September 12, 2015 • By Dennis Beaver
You might not have seen the movie, “Network,” but it is almost certain that you’ve heard one of its powerful and enduring lines spoken by Howard Beale, a longtime news anchor suffering a meltdown on the air.
“I’m mad as hell and I’m not going to take this anymore,” he encourages viewers to shout from their windows, which is exactly what thousands of people across America do. As a result, ratings skyrocket, Beale’s on-air antics are encouraged, turning a serious news program into nothing more than entertainment, all for the sake of building a larger audience.
To Phoenix-based attorney and author, Robert McWhirter, “This 1976 film gave us a disturbingly accurate picture what many — if not most — television news/talk shows have become.
“Dennis, in the past handful of years when watching any TV talk show, even many of the news or financial programs hosted by very intelligent people, civility — just being polite and listening to others express their opinion without interrupting or yelling at each other — was thrown out the window, and replaced by anger.
“This rudeness and talking over each other harms our country — especially the younger generation — as the refusal to listen and thereby losing the ability or desire to compromise appears perfectly acceptable. Now, toss in all the thousands of blogs made possible by the Internet, and no one is talking to anyone else unless they are yelling.
“Our children will see this as the way adults talk to each other and it’s not healthy for our democracy,” he maintains, adding, “Because it gives a bully the power to shut down dialogue.
“When the Pilgrims arrived in the New World, they brought something credited by historians as being critical to establishing a level of freedom which led to the First Amendment rights we all enjoy today. Any idea what it was? ” McWhirter asked.
“Beads to buy Manhattan with?” we guessed — wrong.
“With survival a daily challenge, among the first things the Pilgrims brought with them on the Mayflower were printing presses – making information accessible to everyone who could read a pamphlet or newspaper,” he enthusiastically notes.
Until the early 1900s the press was the great mass-communication technology, then came radio followed by television. All three require:
- Fact checking and procedures in place to assure accuracy, so that not just anything is printed or broadcast.
- Editors, who look for errors in spelling, punctuation, grammar and terminology.
To McWhirter, “One significant weakness of the Internet is the lack of editors. Yes, today more voices are able to reach a broader audience — which is a positive aspect of what this technology accomplishes.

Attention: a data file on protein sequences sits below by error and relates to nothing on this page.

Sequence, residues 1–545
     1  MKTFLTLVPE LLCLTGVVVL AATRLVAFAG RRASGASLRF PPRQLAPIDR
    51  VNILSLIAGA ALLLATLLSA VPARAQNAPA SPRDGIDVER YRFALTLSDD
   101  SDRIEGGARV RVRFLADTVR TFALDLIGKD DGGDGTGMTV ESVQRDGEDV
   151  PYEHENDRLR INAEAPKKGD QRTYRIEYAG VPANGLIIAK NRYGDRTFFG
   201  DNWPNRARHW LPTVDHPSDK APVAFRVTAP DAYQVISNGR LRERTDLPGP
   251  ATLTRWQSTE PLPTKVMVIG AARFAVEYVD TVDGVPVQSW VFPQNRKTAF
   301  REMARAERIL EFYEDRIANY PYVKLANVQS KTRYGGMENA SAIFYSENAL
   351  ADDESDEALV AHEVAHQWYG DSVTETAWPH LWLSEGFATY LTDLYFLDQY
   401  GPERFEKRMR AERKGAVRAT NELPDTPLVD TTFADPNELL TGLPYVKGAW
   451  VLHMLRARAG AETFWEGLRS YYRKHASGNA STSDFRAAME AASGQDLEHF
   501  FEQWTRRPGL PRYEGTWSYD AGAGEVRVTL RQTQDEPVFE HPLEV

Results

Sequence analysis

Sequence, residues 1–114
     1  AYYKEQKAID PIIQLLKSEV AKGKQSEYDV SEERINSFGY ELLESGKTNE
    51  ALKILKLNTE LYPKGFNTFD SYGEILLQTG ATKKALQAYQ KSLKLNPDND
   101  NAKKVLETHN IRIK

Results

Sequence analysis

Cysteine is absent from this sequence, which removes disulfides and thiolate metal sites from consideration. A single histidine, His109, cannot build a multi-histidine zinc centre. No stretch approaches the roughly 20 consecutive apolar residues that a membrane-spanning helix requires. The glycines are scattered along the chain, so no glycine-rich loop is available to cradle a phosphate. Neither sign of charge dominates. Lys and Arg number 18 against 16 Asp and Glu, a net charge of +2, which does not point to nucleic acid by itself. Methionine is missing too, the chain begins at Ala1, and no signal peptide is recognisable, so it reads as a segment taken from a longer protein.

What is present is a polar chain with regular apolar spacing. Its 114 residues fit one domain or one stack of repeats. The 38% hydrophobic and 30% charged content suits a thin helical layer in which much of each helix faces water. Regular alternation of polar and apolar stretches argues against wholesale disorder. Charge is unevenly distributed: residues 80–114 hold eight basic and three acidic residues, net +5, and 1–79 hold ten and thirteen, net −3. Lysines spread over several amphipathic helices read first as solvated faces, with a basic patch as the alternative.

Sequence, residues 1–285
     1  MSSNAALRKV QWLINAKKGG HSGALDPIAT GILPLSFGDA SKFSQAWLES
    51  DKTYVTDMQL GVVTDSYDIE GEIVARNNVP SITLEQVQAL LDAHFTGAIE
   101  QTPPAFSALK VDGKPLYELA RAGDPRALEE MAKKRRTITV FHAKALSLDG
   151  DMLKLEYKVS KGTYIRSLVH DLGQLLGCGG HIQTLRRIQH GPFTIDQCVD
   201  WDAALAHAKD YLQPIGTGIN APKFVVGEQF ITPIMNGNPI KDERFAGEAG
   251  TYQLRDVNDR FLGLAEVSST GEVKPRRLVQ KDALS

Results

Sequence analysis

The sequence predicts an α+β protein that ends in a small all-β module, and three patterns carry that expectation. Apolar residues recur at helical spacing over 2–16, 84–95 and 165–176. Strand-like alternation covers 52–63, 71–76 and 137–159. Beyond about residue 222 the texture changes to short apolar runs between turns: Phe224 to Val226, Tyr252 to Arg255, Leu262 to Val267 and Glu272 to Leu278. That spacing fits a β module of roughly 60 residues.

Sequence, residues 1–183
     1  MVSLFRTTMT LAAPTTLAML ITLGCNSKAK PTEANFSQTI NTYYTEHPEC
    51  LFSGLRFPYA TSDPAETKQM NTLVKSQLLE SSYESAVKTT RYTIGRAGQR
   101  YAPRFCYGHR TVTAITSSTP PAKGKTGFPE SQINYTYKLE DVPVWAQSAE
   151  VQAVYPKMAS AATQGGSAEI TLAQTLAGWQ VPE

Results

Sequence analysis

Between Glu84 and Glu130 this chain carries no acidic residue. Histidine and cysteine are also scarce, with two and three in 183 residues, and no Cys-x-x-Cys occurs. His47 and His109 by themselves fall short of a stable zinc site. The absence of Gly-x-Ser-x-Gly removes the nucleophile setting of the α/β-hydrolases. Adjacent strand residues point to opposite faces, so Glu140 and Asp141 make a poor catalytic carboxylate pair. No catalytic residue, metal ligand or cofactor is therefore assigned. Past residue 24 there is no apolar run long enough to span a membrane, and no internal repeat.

“The lack of editors — lack of filtering, and appalling grammar — these go beyond merely weakness. Technology is the greatest challenge to free speech — indeed, to our freedom — as it gives more power to government or any other group with the sophistication to harness the power, for example, the recruitment ability of ISIS.
“One of the problems of technology is that everyone has a mic and listens to who they want to. So, we go on line and hear certain information but do not hear the nation’s voice — what others are thinking — which makes the press even more necessary, ferreting out problems in a community — corruption for example — and helps to mold and have intelligent debate.
“When a newspaper closes its doors, our very liberty takes a hit, as there is no debate, no brilliant light focused on those who would do us harm. If you want to control a country, then first, control the sources of information.”
Why America is great – What we need to teach
Speaking with Bob McWhirter is a Vitamin B-12 shot of those things which Americans have the right — have earned the right — to be proud of.
“We were founded on ideals of tolerance and acceptance of others and other cultures. We must give people a basic understanding of why America is great, and we are not great because of having landed on the moon or having the most powerful aircraft carriers.
“America is great because anyone can speak their mind. And we have developed a political system that allows freedom to occur.
“Are kids taught why we are great, about tolerance, free speech, or the concept of a nation, of our nation and what we stand for?” he asks.
“We are now being tested like no other time in our nation’s history, fighting terrorism, while being true to our roots of free speech and maintaining a tolerant and diverse society.”
Dennis Beaver practices law in Bakersfield and enjoys hearing from his readers. Contact Dennis Beaver.